Image Source: AFP/File, Miguel Riopa.
AFP is carrying a story that the Spanish village of Salvaterra de Miño has brought back the old peseta currency this fall. Initially, the experiment was only supposed to last one month, but it was so popular that town leaders are allowing it to run to December 31. Nostalgia for the currency, which has been obsolete since 2002, is very high amid the euro's woes and the old coins and banknotes are being welcomed like long absent friends.
The 'blonde,' the much-loved 100 peseta coin. Image Source: Business Insider.
It's an interesting phenomenon, demonstrating how economies really work; perhaps it is a reminder of the days when economists thought economically, before they began applying abstract mathematical formulas and dynamic physics concepts to human trading realities. Sometimes, the realities defy theories, abstractions, and differential equations:
In Salvaterra, nostalgia is high for the old gold-coloured coin affectionately known as "the blonde", and the old peseta notes.
"Every time an old note turned up I would touch it, since I was really glad to see it again and touch it again," says Fina Rodriguez, owner of an electrics shop.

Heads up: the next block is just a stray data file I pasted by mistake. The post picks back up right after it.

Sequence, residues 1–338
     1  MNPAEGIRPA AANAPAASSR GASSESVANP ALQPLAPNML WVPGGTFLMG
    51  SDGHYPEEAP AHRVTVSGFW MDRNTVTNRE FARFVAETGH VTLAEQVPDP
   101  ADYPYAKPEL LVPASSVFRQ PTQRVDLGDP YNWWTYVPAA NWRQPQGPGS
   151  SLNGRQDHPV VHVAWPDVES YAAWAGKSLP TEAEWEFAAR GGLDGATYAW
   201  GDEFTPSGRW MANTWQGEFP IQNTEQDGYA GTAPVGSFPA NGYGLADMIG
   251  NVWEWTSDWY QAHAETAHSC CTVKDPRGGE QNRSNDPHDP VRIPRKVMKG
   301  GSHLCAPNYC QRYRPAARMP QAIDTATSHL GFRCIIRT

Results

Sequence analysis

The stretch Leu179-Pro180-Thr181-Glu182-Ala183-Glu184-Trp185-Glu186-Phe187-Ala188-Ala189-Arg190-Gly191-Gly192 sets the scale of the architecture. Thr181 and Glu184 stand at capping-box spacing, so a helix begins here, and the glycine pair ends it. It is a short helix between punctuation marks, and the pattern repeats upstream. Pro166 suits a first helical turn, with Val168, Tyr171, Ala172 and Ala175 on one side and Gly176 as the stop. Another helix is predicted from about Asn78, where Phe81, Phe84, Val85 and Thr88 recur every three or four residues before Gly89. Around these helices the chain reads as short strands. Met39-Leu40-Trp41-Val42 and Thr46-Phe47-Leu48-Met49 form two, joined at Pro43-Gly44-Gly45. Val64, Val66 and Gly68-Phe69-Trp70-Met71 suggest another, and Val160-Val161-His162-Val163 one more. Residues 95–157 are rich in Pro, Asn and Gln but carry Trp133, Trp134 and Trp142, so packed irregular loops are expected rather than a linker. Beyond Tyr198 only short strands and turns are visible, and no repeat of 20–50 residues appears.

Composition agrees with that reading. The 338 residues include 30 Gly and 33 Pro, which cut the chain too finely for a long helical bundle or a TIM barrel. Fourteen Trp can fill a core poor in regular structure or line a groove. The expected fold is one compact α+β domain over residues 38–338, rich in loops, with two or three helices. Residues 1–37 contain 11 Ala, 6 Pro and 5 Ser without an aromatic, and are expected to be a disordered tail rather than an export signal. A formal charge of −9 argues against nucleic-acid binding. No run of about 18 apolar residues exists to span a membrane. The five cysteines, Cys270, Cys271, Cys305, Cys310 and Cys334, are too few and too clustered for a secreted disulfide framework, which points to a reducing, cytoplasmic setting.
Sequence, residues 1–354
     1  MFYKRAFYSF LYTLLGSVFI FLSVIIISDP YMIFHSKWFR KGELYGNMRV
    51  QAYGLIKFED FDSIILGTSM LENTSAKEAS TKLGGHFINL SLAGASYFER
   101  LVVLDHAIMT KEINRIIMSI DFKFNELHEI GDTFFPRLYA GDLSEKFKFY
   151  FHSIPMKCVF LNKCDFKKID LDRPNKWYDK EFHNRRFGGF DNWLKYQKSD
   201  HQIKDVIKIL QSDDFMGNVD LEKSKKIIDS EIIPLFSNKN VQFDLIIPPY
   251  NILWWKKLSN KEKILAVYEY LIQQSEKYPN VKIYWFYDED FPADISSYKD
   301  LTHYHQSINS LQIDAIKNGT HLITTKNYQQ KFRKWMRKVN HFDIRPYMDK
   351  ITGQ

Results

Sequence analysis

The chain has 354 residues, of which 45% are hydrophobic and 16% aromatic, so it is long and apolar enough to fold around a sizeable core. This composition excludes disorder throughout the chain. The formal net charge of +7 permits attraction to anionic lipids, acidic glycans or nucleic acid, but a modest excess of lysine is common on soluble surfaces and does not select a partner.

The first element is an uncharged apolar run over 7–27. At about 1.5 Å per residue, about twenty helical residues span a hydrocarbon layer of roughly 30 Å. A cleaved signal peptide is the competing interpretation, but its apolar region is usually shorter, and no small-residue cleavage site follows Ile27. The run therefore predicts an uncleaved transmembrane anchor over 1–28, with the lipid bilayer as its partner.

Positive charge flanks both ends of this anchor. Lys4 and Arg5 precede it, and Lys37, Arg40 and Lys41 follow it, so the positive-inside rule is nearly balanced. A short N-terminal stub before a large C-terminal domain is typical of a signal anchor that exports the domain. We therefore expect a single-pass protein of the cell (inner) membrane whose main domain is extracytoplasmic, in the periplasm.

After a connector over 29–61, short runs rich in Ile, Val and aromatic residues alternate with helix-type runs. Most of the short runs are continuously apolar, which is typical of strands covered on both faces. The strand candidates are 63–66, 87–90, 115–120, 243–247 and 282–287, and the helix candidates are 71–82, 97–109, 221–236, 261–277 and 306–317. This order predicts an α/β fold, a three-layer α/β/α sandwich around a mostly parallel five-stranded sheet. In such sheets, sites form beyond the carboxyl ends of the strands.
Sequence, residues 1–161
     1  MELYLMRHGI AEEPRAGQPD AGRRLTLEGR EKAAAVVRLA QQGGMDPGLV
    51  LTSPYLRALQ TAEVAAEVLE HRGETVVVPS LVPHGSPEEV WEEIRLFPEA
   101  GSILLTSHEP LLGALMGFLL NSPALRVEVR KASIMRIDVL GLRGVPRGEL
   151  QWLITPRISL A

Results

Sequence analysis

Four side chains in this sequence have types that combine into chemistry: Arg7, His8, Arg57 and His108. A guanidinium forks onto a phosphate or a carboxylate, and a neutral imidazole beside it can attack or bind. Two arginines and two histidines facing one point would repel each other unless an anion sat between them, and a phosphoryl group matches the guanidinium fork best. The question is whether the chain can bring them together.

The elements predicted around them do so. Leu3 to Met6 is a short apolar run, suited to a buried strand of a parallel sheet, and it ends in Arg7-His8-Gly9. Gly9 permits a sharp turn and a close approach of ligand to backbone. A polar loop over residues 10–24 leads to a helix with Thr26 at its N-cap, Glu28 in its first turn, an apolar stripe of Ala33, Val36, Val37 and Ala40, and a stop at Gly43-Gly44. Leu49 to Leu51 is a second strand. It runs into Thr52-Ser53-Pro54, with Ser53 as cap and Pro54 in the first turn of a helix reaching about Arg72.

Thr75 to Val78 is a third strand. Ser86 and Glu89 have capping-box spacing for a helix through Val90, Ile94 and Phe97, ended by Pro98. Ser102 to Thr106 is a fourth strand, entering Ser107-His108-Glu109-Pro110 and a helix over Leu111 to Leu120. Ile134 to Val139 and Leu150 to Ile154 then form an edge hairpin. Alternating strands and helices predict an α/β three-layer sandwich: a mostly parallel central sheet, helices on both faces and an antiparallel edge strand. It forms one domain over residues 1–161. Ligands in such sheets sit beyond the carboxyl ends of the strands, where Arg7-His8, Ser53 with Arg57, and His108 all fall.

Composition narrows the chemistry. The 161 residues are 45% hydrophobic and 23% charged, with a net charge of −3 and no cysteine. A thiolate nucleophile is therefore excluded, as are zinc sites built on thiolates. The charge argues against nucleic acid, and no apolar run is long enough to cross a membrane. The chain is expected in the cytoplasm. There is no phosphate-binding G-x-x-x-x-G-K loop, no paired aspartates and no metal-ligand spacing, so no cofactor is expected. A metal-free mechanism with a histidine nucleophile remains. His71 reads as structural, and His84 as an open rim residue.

The euro is less well-loved. In a recent survey, 70 percent of Spaniards said they had gained no benefit from the single currency.
"When we changed the currency, everything got dearer," says Montse Ledo, owner of the Fenteiros bar, one of 58 businesses taking part in the project.
The peseta scheme had been due to last just a month from the start of October, but locals dug out so much of the old currency that in the run-up to Christmas Salvaterra is still a peseta zone.
The town now plans to wrap up the experiment on December 31 and change the accumulated pesetas for euros, since no time limit has been set on cashing in the old coin since the single currency took over in 2002.